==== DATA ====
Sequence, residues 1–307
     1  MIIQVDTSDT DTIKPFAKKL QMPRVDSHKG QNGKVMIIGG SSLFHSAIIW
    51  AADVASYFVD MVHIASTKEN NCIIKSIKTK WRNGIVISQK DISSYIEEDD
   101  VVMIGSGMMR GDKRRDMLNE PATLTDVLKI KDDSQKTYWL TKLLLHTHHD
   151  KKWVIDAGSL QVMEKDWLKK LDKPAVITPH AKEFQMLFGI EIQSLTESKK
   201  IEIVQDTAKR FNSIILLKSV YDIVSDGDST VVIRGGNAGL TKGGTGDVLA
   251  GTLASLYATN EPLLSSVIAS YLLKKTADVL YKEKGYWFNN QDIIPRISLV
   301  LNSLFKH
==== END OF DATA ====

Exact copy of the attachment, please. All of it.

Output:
Sequence, residues 1–307
     1  MIIQVDTSDT DTIKPFAKKL QMPRVDSHKG QNGKVMIIGG SSLFHSAIIW
    51  AADVASYFVD MVHIASTKEN NCIIKSIKTK WRNGIVISQK DISSYIEEDD
   101  VVMIGSGMMR GDKRRDMLNE PATLTDVLKI KDDSQKTYWL TKLLLHTHHD
   151  KKWVIDAGSL QVMEKDWLKK LDKPAVITPH AKEFQMLFGI EIQSLTESKK
   201  IEIVQDTAKR FNSIILLKSV YDIVSDGDST VVIRGGNAGL TKGGTGDVLA
   251  GTLASLYATN EPLLSSVIAS YLLKKTADVL YKEKGYWFNN QDIIPRISLV
   301  LNSLFKH